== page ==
A procession in St. Mark’s Square, Venice (1496)—more information is provided through the link at the very end of this post.
We are headed to Italy this June and July, 16 of us so far—alumni and friends of FPU. (You can find out more about the tour on the FPU Alumni web page.)
There are many benefits to travel, beyond sheer enjoyment, and being able to go with friends (and soon to be friends). Part of the fun of it is the anticipation and thinking about what we will see, try and do. As I have turned to the more detailed preparation, I have begun to look at things that the group or individuals might want to consider. We have planned group events, tours, etc. and have allotted ample free time and days to explore as we may choose. Here are some things I’m thinking about, and others might want to consider too. Our first stop is Venice!
Italy Guides has a good overview of sites in Venice. If you dig into them individually, you will find multiple things. The Doge’s palace is a must! Venice was one of the great medieval and early modern republics. Some brief, history can be found on YouTube and on other sites. (Here is a good history site. There are lots of inadequate and misleading sites, so check on who writes them and what they are for.) If you do a YouTube search on “Venice” there are lots of other things to look at, some longer, some shorter. There are travel shows and videos, like Rick Steve’s series, some of which can be found on YouTube.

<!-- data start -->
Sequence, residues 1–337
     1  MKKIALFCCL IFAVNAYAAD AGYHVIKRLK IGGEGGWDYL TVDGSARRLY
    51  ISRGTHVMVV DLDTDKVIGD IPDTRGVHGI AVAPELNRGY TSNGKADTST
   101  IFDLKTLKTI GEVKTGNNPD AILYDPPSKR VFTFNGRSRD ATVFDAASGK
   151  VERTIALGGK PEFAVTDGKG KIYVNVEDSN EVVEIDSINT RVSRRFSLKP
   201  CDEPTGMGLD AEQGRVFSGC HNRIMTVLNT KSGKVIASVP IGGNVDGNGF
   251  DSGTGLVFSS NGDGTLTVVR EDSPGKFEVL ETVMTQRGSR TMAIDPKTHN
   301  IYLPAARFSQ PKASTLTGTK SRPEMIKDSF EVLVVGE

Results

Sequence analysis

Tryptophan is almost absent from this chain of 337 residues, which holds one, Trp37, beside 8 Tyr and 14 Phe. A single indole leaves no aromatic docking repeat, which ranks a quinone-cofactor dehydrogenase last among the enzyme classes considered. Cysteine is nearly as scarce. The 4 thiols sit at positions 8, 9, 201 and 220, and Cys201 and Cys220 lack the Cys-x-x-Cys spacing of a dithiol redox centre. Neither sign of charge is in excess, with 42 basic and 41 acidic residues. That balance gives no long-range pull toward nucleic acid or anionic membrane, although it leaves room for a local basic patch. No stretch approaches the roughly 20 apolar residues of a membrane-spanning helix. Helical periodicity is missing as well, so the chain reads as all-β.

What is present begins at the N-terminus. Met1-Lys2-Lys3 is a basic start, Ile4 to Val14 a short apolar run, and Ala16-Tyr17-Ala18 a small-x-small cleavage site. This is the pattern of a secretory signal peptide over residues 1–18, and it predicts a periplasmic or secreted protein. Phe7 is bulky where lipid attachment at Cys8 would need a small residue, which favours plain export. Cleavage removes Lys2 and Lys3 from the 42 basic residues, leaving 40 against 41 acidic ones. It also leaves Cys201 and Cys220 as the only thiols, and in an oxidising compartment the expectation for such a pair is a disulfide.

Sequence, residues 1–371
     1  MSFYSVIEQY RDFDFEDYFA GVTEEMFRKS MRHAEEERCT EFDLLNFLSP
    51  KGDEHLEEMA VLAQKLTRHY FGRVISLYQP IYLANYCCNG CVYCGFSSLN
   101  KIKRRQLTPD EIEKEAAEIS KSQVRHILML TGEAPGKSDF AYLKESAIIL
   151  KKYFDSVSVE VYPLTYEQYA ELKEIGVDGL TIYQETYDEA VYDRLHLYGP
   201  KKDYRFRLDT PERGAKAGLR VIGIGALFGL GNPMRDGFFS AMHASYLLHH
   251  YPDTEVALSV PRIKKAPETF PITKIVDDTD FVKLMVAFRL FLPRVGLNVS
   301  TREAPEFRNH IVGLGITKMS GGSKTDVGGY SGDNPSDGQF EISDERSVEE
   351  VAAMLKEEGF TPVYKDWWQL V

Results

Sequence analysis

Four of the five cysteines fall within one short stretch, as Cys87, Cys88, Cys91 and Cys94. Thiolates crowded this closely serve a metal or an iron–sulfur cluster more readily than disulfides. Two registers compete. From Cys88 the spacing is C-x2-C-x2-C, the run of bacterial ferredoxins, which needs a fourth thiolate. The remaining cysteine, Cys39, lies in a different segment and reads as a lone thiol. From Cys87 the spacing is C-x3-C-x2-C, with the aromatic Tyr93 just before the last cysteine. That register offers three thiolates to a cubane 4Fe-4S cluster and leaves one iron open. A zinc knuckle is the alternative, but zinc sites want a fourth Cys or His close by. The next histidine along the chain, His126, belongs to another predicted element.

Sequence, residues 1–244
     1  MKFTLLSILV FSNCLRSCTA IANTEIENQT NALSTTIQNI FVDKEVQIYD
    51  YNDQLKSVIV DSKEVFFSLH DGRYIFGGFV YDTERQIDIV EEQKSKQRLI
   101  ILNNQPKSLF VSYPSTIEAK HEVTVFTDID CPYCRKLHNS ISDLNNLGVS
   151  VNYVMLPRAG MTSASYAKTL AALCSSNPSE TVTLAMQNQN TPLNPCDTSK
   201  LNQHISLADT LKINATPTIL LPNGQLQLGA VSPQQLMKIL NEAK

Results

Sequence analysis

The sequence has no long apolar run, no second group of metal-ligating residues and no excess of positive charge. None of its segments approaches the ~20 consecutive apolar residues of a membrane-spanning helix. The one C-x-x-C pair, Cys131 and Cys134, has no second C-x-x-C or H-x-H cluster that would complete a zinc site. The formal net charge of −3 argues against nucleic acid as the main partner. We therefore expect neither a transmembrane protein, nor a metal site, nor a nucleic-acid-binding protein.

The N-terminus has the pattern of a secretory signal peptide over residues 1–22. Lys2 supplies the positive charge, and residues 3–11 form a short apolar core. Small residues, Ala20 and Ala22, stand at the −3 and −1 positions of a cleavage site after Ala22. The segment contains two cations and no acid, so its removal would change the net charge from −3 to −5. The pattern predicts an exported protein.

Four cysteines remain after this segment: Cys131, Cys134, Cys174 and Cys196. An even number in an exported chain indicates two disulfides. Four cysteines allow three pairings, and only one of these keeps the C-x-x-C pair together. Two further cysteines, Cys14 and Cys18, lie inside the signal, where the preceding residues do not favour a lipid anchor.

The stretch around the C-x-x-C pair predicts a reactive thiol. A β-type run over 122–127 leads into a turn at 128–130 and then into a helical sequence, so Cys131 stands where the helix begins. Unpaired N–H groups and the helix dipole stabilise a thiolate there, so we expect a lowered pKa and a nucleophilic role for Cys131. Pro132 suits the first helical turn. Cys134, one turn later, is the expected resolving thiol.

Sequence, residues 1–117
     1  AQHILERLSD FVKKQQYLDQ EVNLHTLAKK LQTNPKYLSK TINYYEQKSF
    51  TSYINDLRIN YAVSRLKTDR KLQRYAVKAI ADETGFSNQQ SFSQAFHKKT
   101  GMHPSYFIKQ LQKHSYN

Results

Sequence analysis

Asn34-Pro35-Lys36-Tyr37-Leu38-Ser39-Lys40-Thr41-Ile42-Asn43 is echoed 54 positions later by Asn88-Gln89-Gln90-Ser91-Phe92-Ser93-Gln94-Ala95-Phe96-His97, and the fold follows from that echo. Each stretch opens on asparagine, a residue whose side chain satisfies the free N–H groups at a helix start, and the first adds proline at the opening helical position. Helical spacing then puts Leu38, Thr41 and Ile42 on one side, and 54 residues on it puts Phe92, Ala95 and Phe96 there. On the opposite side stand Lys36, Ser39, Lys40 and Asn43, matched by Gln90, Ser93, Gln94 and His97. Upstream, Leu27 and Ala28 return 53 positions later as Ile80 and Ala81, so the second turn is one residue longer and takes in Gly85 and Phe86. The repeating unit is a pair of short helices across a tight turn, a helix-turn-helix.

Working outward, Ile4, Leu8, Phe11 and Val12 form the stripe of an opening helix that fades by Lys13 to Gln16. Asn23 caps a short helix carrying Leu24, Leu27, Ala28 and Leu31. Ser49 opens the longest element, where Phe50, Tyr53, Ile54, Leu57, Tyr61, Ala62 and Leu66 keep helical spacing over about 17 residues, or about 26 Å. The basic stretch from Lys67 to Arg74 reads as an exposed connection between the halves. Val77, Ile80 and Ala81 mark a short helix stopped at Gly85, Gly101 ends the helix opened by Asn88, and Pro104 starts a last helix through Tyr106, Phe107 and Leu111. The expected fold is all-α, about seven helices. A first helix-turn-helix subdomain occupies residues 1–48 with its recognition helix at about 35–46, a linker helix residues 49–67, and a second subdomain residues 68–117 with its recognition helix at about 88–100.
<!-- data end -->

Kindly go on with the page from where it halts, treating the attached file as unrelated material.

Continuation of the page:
There are a couple of special topics that might be of interest as well. Venice was one of the great Jewish centers in the early modern world, and perhaps the first Ghetto. Jews from central Europe and elsewhere traded there, and Sephardic Jews expelled from Spain and Portugal in 1492 at the end of the reconquest found refuge in the larger Venetian Jewish community. In 2016, the 500th anniversary of the founding of the Jewish ghetto was commemorated, one of the events being the first performance in Venice of Shakespeare’s Merchant of Venice with Supreme Court Justice Ruth Bader Ginsburg as the judge in the play’s trial scene.
And we cannot leave out some of the art that we will see. The art of each city and building has a story. Some of the art we will see was developed by the “confraternities” of the medieval and early modern world. These were what might be called religious brotherhoods, composed of both clerics and laypeople, usually with a dual dedication to prayer and other devotional practices and to practical forms of charity, mutual assistance or charity. They were patrons of art like the piece that leads this post. You can find some interesting things about them at smarthistory a non-profit educational site that works with museums worldwide.
And this is just our first city!